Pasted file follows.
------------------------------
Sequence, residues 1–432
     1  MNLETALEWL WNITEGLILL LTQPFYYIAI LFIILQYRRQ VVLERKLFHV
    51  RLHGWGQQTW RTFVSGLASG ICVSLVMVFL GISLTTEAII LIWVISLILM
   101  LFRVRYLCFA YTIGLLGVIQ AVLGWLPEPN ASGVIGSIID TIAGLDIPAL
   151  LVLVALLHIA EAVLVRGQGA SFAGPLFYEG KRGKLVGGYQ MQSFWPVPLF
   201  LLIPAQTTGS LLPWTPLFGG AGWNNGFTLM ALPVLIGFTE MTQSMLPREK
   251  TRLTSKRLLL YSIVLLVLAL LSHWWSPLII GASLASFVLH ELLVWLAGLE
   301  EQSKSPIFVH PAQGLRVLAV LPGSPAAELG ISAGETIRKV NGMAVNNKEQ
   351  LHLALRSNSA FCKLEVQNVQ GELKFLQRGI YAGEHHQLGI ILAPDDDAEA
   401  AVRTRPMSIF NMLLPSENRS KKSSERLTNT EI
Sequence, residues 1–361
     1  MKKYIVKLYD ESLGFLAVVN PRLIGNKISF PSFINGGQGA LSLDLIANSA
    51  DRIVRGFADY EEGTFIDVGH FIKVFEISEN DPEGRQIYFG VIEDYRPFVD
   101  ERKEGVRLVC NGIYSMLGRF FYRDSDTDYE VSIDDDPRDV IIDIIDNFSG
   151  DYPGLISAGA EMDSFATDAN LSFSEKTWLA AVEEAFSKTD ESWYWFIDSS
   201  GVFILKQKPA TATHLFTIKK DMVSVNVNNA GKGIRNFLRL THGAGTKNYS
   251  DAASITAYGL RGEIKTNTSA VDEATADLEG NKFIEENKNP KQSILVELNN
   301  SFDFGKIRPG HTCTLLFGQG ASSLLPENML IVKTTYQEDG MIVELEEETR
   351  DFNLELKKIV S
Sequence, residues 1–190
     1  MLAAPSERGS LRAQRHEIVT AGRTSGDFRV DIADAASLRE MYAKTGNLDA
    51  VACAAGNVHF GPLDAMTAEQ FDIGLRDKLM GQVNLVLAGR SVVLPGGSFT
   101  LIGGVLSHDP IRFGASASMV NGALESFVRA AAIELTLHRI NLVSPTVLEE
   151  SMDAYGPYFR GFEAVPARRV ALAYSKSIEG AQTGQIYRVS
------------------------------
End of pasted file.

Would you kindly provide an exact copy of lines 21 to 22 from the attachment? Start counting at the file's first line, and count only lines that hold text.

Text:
     1  MLAAPSERGS LRAQRHEIVT AGRTSGDFRV DIADAASLRE MYAKTGNLDA
    51  VACAAGNVHF GPLDAMTAEQ FDIGLRDKLM GQVNLVLAGR SVVLPGGSFT